looking back in retrospect, absolutely NOTHING of importance was ever mentioned in my high school education (but then I come from NE Ohio- any wonder?)-

      there’s a song entitled “Oh why, o-why-o, did I ever leave Ohio?”-

      just one of the many countless reasons

  6. LSM on September 8, 2012 at 8:15 am

    ohh, Dr. Farrell, your testimonies about what you experienced in classrooms on a university level are absolutely shattering- but I believe every word- am surprised no-one penned the concept (following went around the internet a few yrs. ago) “Sir Francis Drake circumsized the globe with a 75 foot cutter”-

    and I look back at my abysmal high school education in NE Ohio, not to mention my “highter” undergraducate education at the “leading,” nice Lutheran Wittenberg University (Springfield, OH) where the highlight of my many, completely useless, uninformative courses (this one was called “Psychology”) was training once a week a rather nasty, aggressive white rat to negotiate a maze- because of it’s rather “unwilling” predisposition we lovingly named it “Martin Luther”-

    guess it’s high time we all delve into Charlotte Iserbytt’s “The Deliberate Dumbing Down of America”- have not yet read it but have heard a few revealing interviews with her-


  7. sk on September 8, 2012 at 6:29 am

    The one thing that you won’t admit, is the VERY SAME THING that the fundies,both left and right won’t admit. There IS a white race that they want to GENOCIDE. It’s their most cherished basic hyocricy. Diversity, assimilation, in EVERY white country. No home for white kids. They call it LUUVE. They both hate white kids. Do you?

    • p on September 8, 2012 at 3:02 pm

      why do you worry so much about the white race?

      • sk on September 8, 2012 at 3:50 pm

        I’m white. I have white grandchildren. Slick Willie declared in 1998 that America would be brown by mid-century. Similiar forcasts have been made for European countries, indeed EVERY white country. Do you think that I want to see my grandsons grow up to be a depised minority everywhere? NO!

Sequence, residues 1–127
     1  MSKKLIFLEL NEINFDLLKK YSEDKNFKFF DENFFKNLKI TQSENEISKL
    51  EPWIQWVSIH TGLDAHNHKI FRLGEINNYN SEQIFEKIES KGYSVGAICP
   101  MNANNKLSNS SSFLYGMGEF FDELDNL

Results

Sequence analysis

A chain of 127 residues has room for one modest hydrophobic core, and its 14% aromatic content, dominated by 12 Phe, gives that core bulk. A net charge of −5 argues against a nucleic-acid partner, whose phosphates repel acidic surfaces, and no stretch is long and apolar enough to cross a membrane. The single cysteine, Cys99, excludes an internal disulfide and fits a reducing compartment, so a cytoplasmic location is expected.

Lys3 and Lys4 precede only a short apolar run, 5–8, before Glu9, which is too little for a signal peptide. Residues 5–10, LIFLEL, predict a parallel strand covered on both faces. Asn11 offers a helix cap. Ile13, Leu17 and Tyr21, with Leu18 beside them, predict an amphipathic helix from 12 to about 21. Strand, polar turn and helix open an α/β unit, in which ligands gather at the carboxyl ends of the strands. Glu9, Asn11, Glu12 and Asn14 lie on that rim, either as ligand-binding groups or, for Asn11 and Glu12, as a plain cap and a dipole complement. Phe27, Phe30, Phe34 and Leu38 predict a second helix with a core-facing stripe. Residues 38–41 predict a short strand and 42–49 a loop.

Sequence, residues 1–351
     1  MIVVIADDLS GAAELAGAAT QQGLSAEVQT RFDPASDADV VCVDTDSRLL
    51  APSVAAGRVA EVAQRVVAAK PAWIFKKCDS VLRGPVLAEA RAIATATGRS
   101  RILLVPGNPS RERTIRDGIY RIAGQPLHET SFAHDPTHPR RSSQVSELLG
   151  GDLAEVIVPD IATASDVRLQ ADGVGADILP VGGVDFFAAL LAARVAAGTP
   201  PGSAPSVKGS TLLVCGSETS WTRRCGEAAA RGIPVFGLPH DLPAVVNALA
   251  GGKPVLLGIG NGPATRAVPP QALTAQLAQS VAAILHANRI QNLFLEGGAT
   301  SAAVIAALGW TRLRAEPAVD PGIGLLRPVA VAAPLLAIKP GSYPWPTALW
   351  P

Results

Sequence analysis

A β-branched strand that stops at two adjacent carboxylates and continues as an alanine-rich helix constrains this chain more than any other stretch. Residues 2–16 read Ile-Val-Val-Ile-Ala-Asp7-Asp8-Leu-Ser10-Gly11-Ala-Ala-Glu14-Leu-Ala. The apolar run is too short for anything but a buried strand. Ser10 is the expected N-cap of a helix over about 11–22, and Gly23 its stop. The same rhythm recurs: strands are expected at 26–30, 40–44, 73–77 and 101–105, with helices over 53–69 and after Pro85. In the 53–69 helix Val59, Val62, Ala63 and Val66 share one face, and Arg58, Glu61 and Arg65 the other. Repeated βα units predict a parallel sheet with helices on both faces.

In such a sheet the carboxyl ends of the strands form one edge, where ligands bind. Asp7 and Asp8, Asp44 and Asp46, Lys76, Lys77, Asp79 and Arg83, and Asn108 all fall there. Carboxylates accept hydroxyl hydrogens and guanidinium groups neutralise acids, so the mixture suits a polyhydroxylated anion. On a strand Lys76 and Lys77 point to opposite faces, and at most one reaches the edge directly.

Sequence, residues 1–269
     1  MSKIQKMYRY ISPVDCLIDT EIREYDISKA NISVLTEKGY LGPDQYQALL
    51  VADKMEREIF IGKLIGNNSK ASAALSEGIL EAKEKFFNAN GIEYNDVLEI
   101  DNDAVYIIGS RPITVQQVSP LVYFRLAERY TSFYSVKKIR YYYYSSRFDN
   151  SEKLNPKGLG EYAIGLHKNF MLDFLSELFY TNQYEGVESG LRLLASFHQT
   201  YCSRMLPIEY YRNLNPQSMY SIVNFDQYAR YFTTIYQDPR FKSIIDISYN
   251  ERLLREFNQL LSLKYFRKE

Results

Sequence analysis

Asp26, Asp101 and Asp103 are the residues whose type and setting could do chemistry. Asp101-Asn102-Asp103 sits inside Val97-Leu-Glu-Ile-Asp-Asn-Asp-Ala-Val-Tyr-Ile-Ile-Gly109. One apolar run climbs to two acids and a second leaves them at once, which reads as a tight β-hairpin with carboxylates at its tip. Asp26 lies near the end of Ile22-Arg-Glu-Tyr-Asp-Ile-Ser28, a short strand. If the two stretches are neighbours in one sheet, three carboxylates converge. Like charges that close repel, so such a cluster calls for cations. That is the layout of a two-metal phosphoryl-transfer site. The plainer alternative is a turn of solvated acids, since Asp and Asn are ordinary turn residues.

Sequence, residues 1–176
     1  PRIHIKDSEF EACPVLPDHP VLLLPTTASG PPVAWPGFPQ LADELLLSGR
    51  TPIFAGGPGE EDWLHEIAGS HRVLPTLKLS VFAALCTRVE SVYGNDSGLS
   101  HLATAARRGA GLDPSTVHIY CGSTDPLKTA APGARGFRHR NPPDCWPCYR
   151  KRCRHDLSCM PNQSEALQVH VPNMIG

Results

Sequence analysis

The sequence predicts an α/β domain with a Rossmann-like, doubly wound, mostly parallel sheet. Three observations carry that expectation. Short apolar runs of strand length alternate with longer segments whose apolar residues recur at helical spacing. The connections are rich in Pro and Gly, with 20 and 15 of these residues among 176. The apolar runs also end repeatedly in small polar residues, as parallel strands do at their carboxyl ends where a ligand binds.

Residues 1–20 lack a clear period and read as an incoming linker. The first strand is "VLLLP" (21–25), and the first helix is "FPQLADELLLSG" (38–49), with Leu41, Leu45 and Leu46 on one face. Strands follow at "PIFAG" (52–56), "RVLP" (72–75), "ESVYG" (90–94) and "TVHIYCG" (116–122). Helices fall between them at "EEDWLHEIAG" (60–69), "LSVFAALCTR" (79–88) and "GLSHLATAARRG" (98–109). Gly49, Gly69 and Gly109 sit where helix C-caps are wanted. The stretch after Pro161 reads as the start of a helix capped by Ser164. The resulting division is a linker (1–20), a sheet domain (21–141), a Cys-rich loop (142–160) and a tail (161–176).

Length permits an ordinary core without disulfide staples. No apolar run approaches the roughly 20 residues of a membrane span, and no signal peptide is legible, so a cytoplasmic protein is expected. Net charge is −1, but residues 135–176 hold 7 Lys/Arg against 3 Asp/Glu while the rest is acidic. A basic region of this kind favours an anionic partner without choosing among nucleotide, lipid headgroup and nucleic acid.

When the evil ogliarchy, banksters, and their devoted followers get their just deserts, I don’t want this key part of their new world order scheme forgotten or there will be a repeat.

        • p on September 9, 2012 at 4:51 am

          so what? Im white too, but couldnt care less if the entire white race disappeared from the planet. who gives a shit? being white is something I need to care about in this life?I have to identify with my race now? I am left-handed too (another accidental circumstance brought about by genetic happenstance I have no reason to be proud of) but don’t care if lefties disappear either.
          The EVIL illuminati are plotting to eradicate all lefthanded people!!! fight them!

        • p on September 9, 2012 at 4:53 am

          and how exactly would your race be a despised minority if everyone is brown? wouldnt that mean there are no minorities anymore? wouldnt tht actually be awesome if everyone was the same color? what is the problem?

          • sk on September 9, 2012 at 11:45 am

            You insulting genocidal sicko!

          • HAL838 on September 9, 2012 at 11:59 am

            “You insulting genocidal sicko!”
            Well, I’ll bet daffy likes this sort of thing
            …………..maybe until I click “reply”